“A biopsy made it certain,” she added. “I just knew I had breast cancer and I wanted it out.”
“We were both devastated,” said her husband of almost 19 years and who she fell in love with at LSU Law School. He tries rapes and murder cases for the district attorney’s office.
To help handle his emotions, William began researching. “I didn’t know what to expect and was trying to figure things out,” he said.
Although William continued to work off and on throughout his wife’s treatment, he is grateful that his supervisor at the time, the late Caddo District Attorney Charles Scott told him, “Take care of your wife.”
The tumor was solid and eight centimeters, triple positive for hormone and HER2, said Rebecca, summing up in layman’s terms a complicated diagnosis.
“It was a very aggressive type of cancer,” continued Rebecca, who talks in a calm, collected manner and with candor about her experience with breast cancer. After the surgery, she was obsessive about asking her husband, “Are you sure they got it all?” He promised he wouldn’t lie to her.
“Recovery took six weeks, and chemo started at the end of October in 2013,” Rebecca recalled.
“I was sick after every treatment. Very sick,” she continued.
There were six treatments every three weeks.
Radiation at the end of February.
Reconstruction in August 2014.
She is still dealing with lymphederma, a condition which causes fluid build-up in the arms after removal of lymph nodes.
“It is something hard to find treatment for. Doctors don’t focus on it. I’d like to see more information on how to prevent it,” said Rebecca.
Although the anxiety has subsided, Rebecca admits she had a difficult time dealing with it all and did talk to a therapist.
Help also came from a priest she visited on a regular basis. “That made a difference.”
“I also go to church pretty regularly,” she added.
“I thought constantly of dying, that mortality was more imminent,” Rebecca said.
And although she didn’t do much of anything during her treatments, she did enjoy Justinian events. “They were a respite from reality,” she said.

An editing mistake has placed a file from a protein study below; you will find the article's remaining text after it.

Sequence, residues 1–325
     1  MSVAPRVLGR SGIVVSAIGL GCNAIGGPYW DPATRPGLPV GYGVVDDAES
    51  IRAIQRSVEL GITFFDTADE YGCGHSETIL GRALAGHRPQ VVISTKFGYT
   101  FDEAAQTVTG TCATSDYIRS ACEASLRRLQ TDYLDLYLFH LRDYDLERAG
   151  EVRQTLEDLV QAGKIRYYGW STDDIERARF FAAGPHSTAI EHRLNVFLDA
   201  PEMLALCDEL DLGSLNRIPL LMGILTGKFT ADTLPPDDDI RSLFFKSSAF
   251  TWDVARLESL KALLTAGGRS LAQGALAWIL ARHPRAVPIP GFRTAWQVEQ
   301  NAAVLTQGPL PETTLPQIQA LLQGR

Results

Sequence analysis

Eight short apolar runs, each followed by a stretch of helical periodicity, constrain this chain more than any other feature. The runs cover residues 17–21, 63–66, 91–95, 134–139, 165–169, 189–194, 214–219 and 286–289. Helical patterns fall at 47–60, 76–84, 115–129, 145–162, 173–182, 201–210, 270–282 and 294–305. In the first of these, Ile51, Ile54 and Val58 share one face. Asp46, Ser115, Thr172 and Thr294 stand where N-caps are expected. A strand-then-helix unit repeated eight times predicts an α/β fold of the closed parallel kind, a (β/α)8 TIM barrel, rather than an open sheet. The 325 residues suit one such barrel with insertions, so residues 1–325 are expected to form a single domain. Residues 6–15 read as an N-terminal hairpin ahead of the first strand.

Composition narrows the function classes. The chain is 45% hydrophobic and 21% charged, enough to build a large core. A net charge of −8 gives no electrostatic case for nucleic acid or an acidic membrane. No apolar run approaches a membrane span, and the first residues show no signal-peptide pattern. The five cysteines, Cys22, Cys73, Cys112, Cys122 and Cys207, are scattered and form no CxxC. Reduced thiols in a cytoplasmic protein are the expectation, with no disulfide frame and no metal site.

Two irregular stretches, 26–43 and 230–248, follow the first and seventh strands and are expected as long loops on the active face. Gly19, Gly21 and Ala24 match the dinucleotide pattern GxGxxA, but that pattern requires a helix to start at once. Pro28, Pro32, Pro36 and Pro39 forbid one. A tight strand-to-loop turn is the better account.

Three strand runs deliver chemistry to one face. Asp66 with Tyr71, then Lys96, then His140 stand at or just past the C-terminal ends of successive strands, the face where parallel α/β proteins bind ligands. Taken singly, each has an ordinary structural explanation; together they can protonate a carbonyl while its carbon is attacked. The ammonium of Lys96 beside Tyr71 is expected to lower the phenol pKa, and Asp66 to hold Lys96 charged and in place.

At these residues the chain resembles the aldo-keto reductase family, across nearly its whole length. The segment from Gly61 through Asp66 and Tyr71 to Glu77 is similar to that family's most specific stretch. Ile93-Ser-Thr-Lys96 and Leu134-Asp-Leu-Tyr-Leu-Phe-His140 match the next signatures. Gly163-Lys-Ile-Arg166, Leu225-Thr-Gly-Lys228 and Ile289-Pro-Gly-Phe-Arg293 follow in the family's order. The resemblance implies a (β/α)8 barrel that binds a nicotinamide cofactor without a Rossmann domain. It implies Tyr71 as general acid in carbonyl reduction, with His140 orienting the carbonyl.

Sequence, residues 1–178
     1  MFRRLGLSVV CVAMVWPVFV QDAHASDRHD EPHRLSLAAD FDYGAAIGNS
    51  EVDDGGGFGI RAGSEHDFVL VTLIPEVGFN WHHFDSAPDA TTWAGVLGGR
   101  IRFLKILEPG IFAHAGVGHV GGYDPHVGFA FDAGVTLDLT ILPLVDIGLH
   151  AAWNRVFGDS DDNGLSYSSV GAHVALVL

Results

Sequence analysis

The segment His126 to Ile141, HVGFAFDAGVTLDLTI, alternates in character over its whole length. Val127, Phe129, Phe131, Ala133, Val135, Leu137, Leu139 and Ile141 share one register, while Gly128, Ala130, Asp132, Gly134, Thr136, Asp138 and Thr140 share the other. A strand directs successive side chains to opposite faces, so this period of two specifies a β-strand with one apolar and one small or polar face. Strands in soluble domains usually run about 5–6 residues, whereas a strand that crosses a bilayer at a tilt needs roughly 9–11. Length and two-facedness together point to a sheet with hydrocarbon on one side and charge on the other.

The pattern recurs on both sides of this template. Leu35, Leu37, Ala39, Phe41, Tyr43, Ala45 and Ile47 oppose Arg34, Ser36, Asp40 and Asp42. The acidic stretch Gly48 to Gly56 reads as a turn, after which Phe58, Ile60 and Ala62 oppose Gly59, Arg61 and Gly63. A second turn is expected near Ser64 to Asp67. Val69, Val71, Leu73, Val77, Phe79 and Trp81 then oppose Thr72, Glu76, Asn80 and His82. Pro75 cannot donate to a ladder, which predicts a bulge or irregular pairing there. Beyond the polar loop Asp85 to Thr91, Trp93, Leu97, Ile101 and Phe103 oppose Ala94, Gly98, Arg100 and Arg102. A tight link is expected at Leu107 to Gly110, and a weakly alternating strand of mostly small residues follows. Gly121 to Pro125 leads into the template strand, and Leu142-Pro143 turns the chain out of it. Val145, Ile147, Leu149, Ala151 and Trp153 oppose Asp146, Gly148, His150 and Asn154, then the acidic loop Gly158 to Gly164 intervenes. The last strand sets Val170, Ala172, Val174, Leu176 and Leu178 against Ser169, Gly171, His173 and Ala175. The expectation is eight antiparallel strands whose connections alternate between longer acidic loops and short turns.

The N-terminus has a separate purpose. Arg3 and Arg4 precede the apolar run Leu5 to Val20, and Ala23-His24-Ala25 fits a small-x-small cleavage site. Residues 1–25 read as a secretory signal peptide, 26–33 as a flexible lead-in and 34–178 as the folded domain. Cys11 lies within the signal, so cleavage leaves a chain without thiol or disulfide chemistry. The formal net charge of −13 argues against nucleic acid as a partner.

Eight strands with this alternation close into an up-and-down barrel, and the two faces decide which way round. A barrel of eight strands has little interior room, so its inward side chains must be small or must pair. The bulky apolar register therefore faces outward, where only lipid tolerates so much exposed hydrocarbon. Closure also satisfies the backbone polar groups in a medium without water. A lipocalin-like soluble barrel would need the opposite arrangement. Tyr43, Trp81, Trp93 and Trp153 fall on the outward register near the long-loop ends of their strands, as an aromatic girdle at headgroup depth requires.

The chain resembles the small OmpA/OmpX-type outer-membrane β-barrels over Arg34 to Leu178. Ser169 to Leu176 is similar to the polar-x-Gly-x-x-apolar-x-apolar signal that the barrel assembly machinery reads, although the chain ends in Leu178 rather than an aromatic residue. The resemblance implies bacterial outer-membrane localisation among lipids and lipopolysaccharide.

William feels the toughest time for his wife was the chemotherapy, especially the first day when she was so sick, they had to return to the doctor’s office for medicine.
“Basically, there is no indication of cancer,” answered Rebecca.
She talked talked during an interview in her office, where stacks of appeal documents overflowed on a mauve leather, nailhead-trimmed chair, and where art prints decorate the walls.
While, it isn’t a corner office, windows fill it with light. From her desk, Edwards can look down on historic Trinity Heights Catholic Church, up to the Beck Building and Mid-South Tower and can see a slice of Caddo Courthouse where her husband William works.
Close to the end of her treatment, William came home to a “for sale” in their yard.
“I wanted a fresh start. We had discussed moving for years ... Within a month our house (in Broadmoor) was sold,” said Edwards.
The couple now live in southeast Shreveport.
“It was a fresh start, new perspective as I neared the end of my treatment,” explained Edwards.
She planned for 2015 to be a year of laying back, taking it easy.
“But within the same week, I was asked to serve as the Shreveport Bar Association vice president and honorary chair for the Baron’s Ball,” Edwards said.
“So, I jumped right back into things.”